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The old Pete Stetina is back

Peter Stetina wonders about what could have been on the slopes of Gibraltar but grateful to be back racing after traumatic 2015 injury.

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Just over one year after breaking his patella, four ribs, and his tibia, the old Peter Stetina is back.

Stetina charged off the front on Gibraltar Road on Tuesday, taking the Amgen Tour of California’s queen stage by the scruff and launching himself into second on the stage and second overall behind Etixx – Quick-Step’s Julian Alaphilippe. The American was in the virtual lead for most of the climb, only to be overhauled in the final kilometer.

“To win, that would have been the real fairytale story,” the Trek – Segafredo rider said after the stage. “But life’s not a fairytale, so I’m really happy with the fact that I was able to make the race and show myself and show that I’m back to my old level.”

Stetina hasn’t seen his old level in a long time. Though he returned to racing late last summer, the scars left by a pole at Pais Vasco have haunted his form. His performance on Gibraltar marks a true return and offers confirmation that he’s once again the world-class climber he was before the crash.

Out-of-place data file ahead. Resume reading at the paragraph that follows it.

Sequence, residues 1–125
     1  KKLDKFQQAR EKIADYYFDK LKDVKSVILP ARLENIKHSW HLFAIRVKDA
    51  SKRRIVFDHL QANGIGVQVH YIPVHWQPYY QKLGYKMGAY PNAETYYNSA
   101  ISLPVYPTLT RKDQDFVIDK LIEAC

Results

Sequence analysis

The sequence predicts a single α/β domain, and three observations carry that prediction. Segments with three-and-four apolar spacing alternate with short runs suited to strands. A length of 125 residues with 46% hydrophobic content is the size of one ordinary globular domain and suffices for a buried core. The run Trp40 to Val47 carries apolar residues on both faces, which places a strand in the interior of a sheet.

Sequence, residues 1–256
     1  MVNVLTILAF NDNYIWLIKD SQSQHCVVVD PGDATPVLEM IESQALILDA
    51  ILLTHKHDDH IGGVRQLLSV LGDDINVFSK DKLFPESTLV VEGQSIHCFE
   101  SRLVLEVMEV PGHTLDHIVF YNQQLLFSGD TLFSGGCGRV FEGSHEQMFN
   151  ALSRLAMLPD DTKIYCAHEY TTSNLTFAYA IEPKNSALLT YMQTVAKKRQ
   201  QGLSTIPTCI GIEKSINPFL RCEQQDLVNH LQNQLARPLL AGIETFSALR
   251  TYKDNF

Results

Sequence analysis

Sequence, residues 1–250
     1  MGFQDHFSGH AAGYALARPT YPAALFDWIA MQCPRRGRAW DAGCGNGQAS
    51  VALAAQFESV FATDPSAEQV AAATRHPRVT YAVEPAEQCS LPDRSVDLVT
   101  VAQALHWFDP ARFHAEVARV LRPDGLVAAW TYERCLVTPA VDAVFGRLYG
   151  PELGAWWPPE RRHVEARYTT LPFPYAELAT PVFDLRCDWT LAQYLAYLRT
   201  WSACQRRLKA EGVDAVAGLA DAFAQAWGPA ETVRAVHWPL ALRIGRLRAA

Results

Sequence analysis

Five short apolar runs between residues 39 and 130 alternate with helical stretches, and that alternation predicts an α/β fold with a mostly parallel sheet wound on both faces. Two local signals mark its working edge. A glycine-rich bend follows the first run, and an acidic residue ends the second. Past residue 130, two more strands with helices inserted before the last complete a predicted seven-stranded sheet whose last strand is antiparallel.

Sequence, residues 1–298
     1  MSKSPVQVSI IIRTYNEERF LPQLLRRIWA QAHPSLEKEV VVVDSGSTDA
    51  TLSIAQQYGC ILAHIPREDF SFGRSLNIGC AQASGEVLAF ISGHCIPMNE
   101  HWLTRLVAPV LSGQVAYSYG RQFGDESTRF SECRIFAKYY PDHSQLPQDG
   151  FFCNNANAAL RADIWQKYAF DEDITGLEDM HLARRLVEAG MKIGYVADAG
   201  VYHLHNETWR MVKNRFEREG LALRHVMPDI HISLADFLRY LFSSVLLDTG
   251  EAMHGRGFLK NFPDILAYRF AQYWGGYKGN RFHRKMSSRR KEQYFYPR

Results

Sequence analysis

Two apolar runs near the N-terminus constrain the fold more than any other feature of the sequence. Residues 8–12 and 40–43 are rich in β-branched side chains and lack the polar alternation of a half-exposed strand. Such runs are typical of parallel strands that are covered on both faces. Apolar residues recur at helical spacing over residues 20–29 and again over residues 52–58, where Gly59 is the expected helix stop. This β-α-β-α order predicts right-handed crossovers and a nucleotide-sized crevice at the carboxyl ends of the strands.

“It’s obvious that I’ve got a little bit of a peak here right now, in form. I’m going to try to make use of that,” he said.

Stetina now turns his attention to the remaining stages and the fight for California’s leader’s jersey. He’ll have to keep an eye on Alaphilippe in Wednesday’s tricky finish at Laguna Seca, which features a steep finish ramp akin to the Etixx rider’s favored Ardennes climbs. The 28-year-old American needs to take time on the TT specialists ahead of Friday’s 20-kilometer time trial.

“I’ve been riding my TT bike as much as I can, but it’s no secret that there are guys who are really close to me still, like Rohan [Dennis], who are time trial specialists. So I think the ball is more in their court in terms of controlling the race,” Stetina said. “I hope there are opportunities to gain time before [the TT].”

Gibraltar was his best chance to take that time, but not his only one.

Sometimes victory is relative, though. Even if Stetina can’t overhaul Alaphilippe, or fend off BMC’s Denis and Brent Bookwalter, California will still be the proof of form he’s been seeking since his return to racing.

“Maybe if this race was in August I would have gone even better,” he said. “But I’m just happy I could pay the team back a bit and put on a good show.”

An American in France

What’s it like to be an American cyclist living in France? Watch to get professional road cyclist Joe Dombrowski’s view.